Turn your phone into a computational camera! Meet Alice Camera

Turn your phone into a computational camera! Meet Alice Camera
(Image credit: Photogram)

Computational photography has transformed the world of imaging – and now Alice Camera is here, to transform your phone into your very own computational camera.

The Alice Camera, which has just launched its pre-order and 30-day crowdfunding campaign, combines a number of technologies like Voltron to deliver an AI-powered computational camera. 

Ever wandered why the best camera phones (opens in new tab) often takes 'better' photographs than your camera, even (indeed, especially) in challenging conditions? That's down to computational photography – software algorithms that enable it to intelligently enhance your shots with the same kinds of tricks you would usually have to do in post-production.

However, your phone is limited by two things: its tiny sensor and its fixed, limited lenses. Alice Camera overcomes these limitations by featuring a much larger 10.7MP Micro Four Thirds image sensor, with a quad-bayer structure and dual native ISO for superior ISO and noise performance.

In addition, it features a complementary mount that enables you to use the best Micro Four Thirds lenses (opens in new tab) from Olympus, Panasonic and others. So no longer are you stuck with the standard wide and telephoto optics and digital zooms of smartphones – you can use 'proper' zoom lenses, wide-aperture lenses, tilt-shift lenses (opens in new tab) and other optics to unlock the true power of computational photography.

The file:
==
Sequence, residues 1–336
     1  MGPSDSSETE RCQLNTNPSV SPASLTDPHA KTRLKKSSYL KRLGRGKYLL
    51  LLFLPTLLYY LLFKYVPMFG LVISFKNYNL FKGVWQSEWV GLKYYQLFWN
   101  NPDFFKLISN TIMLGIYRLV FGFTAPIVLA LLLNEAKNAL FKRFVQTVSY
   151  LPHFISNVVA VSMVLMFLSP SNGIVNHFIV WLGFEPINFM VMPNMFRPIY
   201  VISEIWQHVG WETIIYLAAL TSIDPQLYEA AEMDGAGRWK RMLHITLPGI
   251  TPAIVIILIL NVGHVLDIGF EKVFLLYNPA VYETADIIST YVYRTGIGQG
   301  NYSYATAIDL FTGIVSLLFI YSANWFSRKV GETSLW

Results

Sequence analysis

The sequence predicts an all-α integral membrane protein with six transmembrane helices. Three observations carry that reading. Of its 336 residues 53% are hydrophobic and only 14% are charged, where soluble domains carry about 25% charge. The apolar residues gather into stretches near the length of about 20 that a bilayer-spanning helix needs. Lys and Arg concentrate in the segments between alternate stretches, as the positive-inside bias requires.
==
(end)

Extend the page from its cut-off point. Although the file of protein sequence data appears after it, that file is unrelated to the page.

Alice Camera enables you to use your phone as a rear screen, to naturally interface with its menu system and act as a Live View display. By integrating your phone, the camera can also seamlessly stream and share your images and 4K 30p / 1080p 60p video footage.  

The body itself houses a dedicated AI chip with deep learning, which the creators say will be regularly updated via firmware so that you don't need to purchase a new camera to get new tech. 

They also say that that the custom Linux software will be open source, so not only can the camera to be customized but anyone is free to build their own add-ons and share their development ideas with the community.

The Alice Camera is live on Indiegogo now (opens in new tab) and is available for a Super Earlybird price of £550 (approximately $757 / AU$980) – a significant discount on its £750 ($1,033 / AU$1,339) RRP. 

Read more: 

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James Artaius

The editor of Digital Camera World, James has 21 years experience as a magazine and web journalist and started working in the photographic industry in 2014 (as an assistant to Damian McGillicuddy, who succeeded David Bailey as Principal Photographer for Olympus). In this time he shot for clients as diverse as Aston Martin Racing, Elinchrom and L'Oréal, in addition to shooting campaigns and product testing for Olympus, and providing training for professionals. This has led him to being a go-to expert for camera and lens reviews, photographic and lighting tutorials, as well as industry analysis, news and rumors for publications such as Digital Camera Magazine (opens in new tab)PhotoPlus: The Canon Magazine (opens in new tab)N-Photo: The Nikon Magazine (opens in new tab)Digital Photographer (opens in new tab) and Professional Imagemaker, as well as hosting workshops and demonstrations at The Photography Show (opens in new tab). An Olympus and Canon shooter, he has a wealth of knowledge on cameras of all makes – and a fondness for vintage lenses and instant cameras.